Review Price free/subscription
Before checking out the UT42MX70's picture performance, it's probably worth pausing for a moment to reflect on the whole concept of ultra-thin TVs. For while Hitachi's marketing for this screen might make a big play of the fact that it's a ‘360 degree' TV that looks equally resplendent from any angle, it's a plain fact that most people just push their TV back to a wall and sit right in front of it, meaning that any extra slenderness gets completely lost.
But somehow I have a sneaky feeling that such prosaic thinking probably isn't going to affect the UT42MX70 too badly. After all, who cares about mere practicalities when you're talking about a genuinely revolutionary design that will have your friends' eyes bulging with techno-envy?!
And of course, if your TV does somehow occupy a position in your room where it will be seen from an angle - as people walk in, for instance - then this screen's 360-degree glories really might come into play.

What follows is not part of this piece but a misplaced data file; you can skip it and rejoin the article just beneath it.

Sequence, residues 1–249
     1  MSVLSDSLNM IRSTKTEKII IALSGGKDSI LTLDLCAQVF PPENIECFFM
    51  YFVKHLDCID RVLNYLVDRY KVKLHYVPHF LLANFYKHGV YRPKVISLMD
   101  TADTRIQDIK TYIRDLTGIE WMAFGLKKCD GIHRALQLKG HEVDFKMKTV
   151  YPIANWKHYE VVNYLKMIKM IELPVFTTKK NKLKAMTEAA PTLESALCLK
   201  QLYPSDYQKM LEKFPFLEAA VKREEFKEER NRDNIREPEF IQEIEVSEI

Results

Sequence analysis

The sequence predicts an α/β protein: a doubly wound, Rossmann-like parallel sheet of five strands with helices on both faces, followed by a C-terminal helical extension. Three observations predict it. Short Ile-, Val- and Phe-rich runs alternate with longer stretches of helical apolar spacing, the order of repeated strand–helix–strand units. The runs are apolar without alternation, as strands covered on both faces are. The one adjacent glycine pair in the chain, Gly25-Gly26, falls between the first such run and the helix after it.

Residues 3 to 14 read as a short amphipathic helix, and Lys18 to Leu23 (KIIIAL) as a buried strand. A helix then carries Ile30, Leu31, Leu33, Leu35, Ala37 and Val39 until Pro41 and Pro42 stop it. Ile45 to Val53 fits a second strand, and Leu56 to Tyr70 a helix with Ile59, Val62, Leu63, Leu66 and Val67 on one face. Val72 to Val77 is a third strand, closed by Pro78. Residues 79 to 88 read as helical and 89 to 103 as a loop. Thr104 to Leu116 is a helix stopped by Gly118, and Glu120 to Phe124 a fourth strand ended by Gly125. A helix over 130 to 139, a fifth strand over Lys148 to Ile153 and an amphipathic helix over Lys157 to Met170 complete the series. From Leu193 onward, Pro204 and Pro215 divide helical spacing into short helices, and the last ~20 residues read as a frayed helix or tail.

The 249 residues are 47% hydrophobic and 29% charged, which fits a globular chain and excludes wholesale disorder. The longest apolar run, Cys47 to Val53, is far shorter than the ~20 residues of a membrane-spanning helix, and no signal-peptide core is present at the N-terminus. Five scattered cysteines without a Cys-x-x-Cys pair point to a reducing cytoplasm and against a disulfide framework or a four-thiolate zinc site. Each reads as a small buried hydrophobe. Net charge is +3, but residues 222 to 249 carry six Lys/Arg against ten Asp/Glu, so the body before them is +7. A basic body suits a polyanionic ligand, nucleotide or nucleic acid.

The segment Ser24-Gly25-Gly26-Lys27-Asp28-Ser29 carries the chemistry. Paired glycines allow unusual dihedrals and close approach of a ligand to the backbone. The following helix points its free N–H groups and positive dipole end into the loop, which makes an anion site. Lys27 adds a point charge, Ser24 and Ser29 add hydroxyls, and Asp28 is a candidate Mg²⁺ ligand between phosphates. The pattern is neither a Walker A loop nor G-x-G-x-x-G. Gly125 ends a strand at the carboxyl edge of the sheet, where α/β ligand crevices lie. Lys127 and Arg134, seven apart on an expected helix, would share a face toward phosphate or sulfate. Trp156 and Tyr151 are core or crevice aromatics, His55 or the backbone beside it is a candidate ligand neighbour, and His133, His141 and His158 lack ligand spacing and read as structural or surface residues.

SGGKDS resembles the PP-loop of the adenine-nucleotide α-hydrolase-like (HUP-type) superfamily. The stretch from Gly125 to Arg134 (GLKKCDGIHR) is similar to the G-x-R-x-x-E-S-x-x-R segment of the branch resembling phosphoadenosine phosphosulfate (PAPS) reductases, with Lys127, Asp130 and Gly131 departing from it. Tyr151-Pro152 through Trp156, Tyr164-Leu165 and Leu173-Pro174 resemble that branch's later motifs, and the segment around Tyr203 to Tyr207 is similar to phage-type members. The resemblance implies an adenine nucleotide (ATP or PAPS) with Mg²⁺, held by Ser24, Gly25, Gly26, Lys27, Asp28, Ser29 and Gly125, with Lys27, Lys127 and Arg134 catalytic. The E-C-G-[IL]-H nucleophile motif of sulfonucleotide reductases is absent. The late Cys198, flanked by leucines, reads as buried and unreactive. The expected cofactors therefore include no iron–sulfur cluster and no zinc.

What's really, really important about the UT42MX70's slenderness from our point of view, though, is that it doesn't appear to have negatively impacted the screen's picture quality. In fact, for my money the screen delivers not only Hitachi's best LCD picture quality yet, but some of the best pictures we've seen from any LCD TV, period.
Particularly stunning is the remarkable sharpness on show. During HD coverage of the Nadal/Schuttler Wimbledon tennis semi-final, for instance, the clarity with which the UT42MX70 renders such minute picture detail as the cross-hatch pattern of the net, the roughness of the worn patches around the bass line, the faces of the crowd and even the weave in the players' clothes is really something to behold.
Even better, this stunning clarity holds up extremely well when Nadal starts scurrying around the court and slamming ground shots back at his opponent at more than 100mph. In fact, motion on the UT42MX70 is so free of LCD's traditional blurring and resolution-loss problems that more than once I had to double check that the screen wasn't actually using plasma technology.
This is a terrific achievement on Hitachi's part that I can only put down to a combination of the Picture Master processing, the 100Hz engine, and the screen's use of the latest generation of Hitachi's In-Plane Switching (IPS) technology, with its faster response times.